In the news:
Baton Rouge Business Report- Survey shows mixed, paradoxical attitudes toward public education, school reform
BATON ROUGE – Results from the 2016 Louisiana Survey show that Louisiana residents have a mixed view of recent school reforms in the state, supporting charter schools and state-issued letter grades to school districts but remaining skeptical of vouchers and the Common Core. The Louisiana Survey is an annual project of the Reilly Center for Media and Public Affairs at LSU’s Manship School for Mass Communication to identify the opinions of Louisiana residents and share those opinions with state law makers.
In the past eight years, state lawmakers and the Louisiana Department of Education have ushered in a number of school reforms: Increasing the number of charter schools; launching a voucher program for students in poorly performing public schools; issuing letter grades to school and districts based, in part, on students’ standardized test scores; and adopting, then reviewing, the Common Core State Standards. The governor and lawmakers have indicated they would like to revisit several of these policies.
About two-thirds of Louisiana residents (68 percent) favor increasing the number of charter schools in the state. In contrast, the public is divided on another form of school choice: 48 percent favor providing vouchers to students in struggling public schools so they can attend private schools, but about the same share (46 percent) oppose vouchers.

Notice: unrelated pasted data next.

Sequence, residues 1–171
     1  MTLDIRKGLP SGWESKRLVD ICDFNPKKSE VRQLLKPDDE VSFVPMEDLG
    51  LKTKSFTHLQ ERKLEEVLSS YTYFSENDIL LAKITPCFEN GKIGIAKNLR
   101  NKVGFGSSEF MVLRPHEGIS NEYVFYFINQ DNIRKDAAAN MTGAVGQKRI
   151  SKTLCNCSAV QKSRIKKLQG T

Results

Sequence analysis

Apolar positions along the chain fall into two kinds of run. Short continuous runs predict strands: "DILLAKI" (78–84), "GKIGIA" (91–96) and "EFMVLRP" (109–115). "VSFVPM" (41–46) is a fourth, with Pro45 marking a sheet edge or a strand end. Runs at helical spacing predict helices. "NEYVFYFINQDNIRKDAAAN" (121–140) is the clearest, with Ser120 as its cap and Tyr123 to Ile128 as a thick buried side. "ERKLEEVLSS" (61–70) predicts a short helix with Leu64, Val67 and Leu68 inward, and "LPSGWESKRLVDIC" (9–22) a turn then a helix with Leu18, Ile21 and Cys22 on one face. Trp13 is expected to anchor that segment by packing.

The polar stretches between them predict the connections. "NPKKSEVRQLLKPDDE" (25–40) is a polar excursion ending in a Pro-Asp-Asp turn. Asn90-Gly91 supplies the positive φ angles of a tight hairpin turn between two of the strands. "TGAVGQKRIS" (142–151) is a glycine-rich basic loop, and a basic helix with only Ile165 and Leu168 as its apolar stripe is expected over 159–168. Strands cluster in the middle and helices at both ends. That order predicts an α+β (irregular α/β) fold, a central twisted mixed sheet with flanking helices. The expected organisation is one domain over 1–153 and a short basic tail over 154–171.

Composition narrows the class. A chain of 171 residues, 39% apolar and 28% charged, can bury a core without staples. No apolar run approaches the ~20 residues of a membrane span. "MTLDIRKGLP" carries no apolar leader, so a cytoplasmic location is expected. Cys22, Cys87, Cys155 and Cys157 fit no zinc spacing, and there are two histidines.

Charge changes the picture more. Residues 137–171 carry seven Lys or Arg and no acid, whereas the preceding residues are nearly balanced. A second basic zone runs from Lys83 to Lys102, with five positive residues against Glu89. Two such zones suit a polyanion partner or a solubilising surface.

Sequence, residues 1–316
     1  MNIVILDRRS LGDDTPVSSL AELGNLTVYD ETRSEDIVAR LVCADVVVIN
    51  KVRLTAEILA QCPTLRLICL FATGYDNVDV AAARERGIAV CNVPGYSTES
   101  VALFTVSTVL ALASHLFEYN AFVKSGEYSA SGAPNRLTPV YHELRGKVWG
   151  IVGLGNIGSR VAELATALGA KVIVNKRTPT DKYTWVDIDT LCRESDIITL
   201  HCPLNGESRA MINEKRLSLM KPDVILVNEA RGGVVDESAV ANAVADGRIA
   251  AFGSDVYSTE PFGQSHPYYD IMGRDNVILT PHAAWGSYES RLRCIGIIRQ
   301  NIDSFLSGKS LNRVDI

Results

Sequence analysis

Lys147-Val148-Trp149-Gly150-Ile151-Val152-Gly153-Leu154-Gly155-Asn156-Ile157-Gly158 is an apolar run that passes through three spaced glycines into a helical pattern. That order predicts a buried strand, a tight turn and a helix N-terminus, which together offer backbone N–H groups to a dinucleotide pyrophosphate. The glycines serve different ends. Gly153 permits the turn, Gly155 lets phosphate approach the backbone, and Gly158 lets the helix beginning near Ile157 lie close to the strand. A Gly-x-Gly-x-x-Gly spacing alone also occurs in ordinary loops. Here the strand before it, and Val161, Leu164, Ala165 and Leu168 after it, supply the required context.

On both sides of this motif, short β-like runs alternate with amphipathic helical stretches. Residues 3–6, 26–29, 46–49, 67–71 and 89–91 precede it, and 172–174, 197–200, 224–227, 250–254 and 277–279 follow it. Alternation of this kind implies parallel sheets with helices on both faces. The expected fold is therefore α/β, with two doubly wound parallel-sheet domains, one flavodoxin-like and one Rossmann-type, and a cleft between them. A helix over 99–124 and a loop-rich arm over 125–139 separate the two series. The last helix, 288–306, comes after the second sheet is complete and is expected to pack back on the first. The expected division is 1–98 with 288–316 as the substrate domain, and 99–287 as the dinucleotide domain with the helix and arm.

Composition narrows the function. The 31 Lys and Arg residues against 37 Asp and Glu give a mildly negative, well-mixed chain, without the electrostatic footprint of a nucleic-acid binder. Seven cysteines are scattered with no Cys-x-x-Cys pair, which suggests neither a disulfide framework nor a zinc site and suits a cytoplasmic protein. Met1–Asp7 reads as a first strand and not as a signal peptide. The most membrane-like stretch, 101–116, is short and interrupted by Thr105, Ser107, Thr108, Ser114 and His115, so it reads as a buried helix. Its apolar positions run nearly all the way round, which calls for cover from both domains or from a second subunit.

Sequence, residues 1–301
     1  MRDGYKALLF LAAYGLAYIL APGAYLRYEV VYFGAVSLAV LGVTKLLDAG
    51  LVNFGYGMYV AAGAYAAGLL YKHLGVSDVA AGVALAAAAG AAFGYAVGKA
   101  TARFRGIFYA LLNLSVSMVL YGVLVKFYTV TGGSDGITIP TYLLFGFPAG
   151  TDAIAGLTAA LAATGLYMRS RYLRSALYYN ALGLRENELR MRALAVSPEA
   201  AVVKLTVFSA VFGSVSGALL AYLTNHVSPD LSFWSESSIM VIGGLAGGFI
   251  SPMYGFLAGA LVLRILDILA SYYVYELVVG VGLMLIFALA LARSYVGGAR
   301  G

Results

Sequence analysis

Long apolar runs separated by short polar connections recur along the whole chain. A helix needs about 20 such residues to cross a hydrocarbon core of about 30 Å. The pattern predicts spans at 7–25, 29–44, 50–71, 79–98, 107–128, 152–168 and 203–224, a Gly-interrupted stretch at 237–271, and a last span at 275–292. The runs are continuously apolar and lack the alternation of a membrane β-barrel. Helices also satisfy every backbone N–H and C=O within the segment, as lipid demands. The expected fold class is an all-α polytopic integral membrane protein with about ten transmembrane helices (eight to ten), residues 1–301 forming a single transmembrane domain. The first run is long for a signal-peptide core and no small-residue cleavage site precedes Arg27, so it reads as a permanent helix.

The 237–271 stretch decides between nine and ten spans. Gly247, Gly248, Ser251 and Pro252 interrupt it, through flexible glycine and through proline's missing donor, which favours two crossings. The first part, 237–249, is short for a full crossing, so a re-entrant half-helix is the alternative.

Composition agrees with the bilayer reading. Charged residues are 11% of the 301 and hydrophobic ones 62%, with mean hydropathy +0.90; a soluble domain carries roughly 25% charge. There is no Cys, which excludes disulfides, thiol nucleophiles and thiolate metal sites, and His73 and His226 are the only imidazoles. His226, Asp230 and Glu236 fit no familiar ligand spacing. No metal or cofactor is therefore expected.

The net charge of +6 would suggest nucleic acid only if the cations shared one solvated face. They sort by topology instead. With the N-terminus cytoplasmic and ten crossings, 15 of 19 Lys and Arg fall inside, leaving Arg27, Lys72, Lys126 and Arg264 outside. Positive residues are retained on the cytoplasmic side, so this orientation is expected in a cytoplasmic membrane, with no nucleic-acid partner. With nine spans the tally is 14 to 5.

As a state review committee prepares to make recommendations about which elements of the Common Core Louisiana should retain, revise, or eliminate, public support for the standards continues to fall – from 39 percent last year to 34 percent this year. However, the concept of academic standards shared across the states remains popular when stripped of the label “Common Core.” A majority of Louisiana residents (57 percent) support the standards when they are not labelled as “Common Core”.
Close to half of state residents say there is too much emphasis on testing in their local public schools (46 percent). Even so, most favor the idea of using test scores to issue letter grades to public school districts (55 percent). There is little evidence that people actually use these state-issued grades. Just one in ten (11 percent) could correctly identify the grade issued to their district.
About the Louisiana Survey
Since 2003, the Louisiana Survey has tracked public opinion about contemporary issues and challenges facing the state as well as trends in evaluations of the state’s economic, social, and political affairs.
The 2016 Louisiana Survey was administered over the telephone from February 1st to February 26th to both landline and cell phone respondents. The project includes a representative sample of 1,001 adult Louisiana residents. The total sample has a margin of error of +/- 3.1 percentage points.
This is the fourth in a series of releases about findings from the 2016 Louisiana Survey.
A copy of the report is are available at http://pprllsu.com/projects/
Public Policy Research Lab